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Dr Edward Mills

Lecturer in Medieval Studies


01392 724179

I research and teach topics across a broad swathe of medieval and post-medieval cultural studies, with a particular research interest on medieval French language and literature and (within this) the use of the French language in medieval England. I joined the Department of Archaeology and History in 2021, after completing my PhD at Exeter, and currently teach courses at all undergraduate levels on medieval literature, society, and history. I also teach modern French language and literature, as part of the Department of Languages, Cultures, and Visual Studies.

Research interests

My research focuses on the use of the French language in medieval Britain, and particularly on less traditionally 'literary' texts. My PhD, 'Imagining and enacting education in the French texts of post-Conquest England', examined the relationship between language use and instruction across a range of genres, including computus texts (pieces dealing with the dating of movable feasts), translations of the Latin Disticha Catonis, and the so-called 'courtesy book' tradition. I am currently working on a monograph based on my PhD research. 

Since completing my PhD, I have developed further interests in the relationship between language and knowledge in medieval Britain, and have published an edition and study of the guide to the lunar calendar in British Library, MS Cotton Claudius D III (Medium Ævum, 91:1). An introduction to Rauf de Lenham's Kalender, a key text in the tradition of the computus in medieval French, is under review for a volume in Routledge's Cultural History of Translation series (ed. by Michelle Bolduc and Marie-Alice Belle). I am also interested in codicology and book history, as well as in the phenomenon and uses of medievalism in the post-medieval world.

Much of my research engages with textual criticism and the practice of scholarly editing, as well as with digital methodologies. In this respect, I have been fortunate to work as Postdoctoral Research Associate on the Learning French in Medieval England project, where I am working (along with Dr. Thomas Hinton) to produce a critical edition of all 17 manuscripts of Walter de Bibbesworth's Tretiz.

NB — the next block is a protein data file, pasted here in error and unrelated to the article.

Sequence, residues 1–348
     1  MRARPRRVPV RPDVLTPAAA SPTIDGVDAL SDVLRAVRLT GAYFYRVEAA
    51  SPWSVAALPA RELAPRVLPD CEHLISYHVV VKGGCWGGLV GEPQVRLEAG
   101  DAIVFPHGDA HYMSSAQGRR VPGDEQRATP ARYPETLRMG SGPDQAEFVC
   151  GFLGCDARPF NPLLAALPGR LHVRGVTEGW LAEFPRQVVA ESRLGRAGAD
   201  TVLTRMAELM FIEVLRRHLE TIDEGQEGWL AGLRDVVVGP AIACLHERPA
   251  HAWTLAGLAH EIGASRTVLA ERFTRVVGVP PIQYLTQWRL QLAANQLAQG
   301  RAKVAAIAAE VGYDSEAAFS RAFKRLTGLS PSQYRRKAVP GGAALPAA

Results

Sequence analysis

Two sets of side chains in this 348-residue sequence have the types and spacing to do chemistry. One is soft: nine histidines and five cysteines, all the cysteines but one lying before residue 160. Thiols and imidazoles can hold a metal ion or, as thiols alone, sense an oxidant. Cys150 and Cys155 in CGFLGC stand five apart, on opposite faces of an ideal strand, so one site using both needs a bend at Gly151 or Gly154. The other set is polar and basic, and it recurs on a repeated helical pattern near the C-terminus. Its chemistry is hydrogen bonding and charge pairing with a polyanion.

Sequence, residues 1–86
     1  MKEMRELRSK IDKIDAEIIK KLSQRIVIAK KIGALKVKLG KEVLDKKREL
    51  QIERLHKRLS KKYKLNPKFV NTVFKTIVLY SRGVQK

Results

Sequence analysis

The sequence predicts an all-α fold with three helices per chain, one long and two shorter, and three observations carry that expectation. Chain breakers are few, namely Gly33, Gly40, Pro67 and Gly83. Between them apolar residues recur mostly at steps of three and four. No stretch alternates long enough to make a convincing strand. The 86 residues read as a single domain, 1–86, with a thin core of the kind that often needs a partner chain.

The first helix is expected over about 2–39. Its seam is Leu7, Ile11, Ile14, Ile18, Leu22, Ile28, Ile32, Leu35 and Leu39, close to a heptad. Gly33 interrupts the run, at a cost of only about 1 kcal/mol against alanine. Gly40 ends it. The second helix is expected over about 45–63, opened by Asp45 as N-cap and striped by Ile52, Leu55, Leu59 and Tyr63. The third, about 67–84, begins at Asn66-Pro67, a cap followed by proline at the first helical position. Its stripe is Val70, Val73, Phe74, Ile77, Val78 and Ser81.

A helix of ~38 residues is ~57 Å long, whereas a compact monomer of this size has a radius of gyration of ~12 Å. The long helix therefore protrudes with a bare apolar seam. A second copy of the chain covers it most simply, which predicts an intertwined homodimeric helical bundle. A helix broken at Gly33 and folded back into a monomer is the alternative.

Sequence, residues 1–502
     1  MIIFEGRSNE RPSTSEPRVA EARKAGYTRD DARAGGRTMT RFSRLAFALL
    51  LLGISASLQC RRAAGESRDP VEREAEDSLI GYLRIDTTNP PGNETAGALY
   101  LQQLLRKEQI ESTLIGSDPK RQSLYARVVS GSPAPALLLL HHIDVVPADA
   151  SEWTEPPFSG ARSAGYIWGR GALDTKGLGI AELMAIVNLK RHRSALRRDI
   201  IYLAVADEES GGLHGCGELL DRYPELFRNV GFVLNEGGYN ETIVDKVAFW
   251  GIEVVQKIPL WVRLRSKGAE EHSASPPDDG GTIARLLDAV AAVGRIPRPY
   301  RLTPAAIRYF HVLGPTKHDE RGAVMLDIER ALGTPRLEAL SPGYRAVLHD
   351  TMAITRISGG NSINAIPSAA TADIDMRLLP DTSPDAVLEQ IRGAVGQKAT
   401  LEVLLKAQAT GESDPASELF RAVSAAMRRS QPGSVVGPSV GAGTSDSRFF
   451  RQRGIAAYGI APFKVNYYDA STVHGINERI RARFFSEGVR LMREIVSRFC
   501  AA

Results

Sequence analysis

External impact and engagement

Public engagement and outreach are an important part of my work, and I take pride in my work with schools and wiith- the general public. I have collaborated with a number of local schools and colleges to deliver enrichment sessions across a range of medieval- and modern languages-related topics, and remain involved with the Modern Languages strand of the University's flagship Exeter Scholars Programme.

As part of the Learning French in Medieval England project, I have delivered a number of talks to non-specialists and school students, including for the 2020 'Being Human' festival (where we explored medieval maunscripts, Disney films, and the relationship between XML code and medieval texts) and the 2022 Translation! Festival (which saw us deliver a 'pub quiz'-style taster session on the history of French and English).


I completed my PhD in French at the University of Exeter in 2021, supervised by Dr. Thomas Hinton, Prof. Emma Cayley (now at the University of Leeds), and Dr. Susana Afonso. My PhD focused on the use of French as a language of didactism in England during the centuries following the Norman Conquest. Prior to arriving in Exeter, I worked as a lecteur d'anglais at the École Normale Supérieure de Lyon, France, where I taught advanced English language skills, British current affairs, and an introduction to medievalism.

Alongside my current teaching work in Archaeology and History and in Languages, Cultures and Visual Studies, I have also worked as Postdoctoral Research Associate on the Learning French in Medieval England project, where I (alongside the project's Principal Investigator, Tom Hinton) am working to produce a digital critical edition of Walter de Bibbesworth's 13th-century French language-teaching text, the Tretiz. You can watch a short video introduction to our work on the project (filmed as part of the University's ExeTalks series) here.

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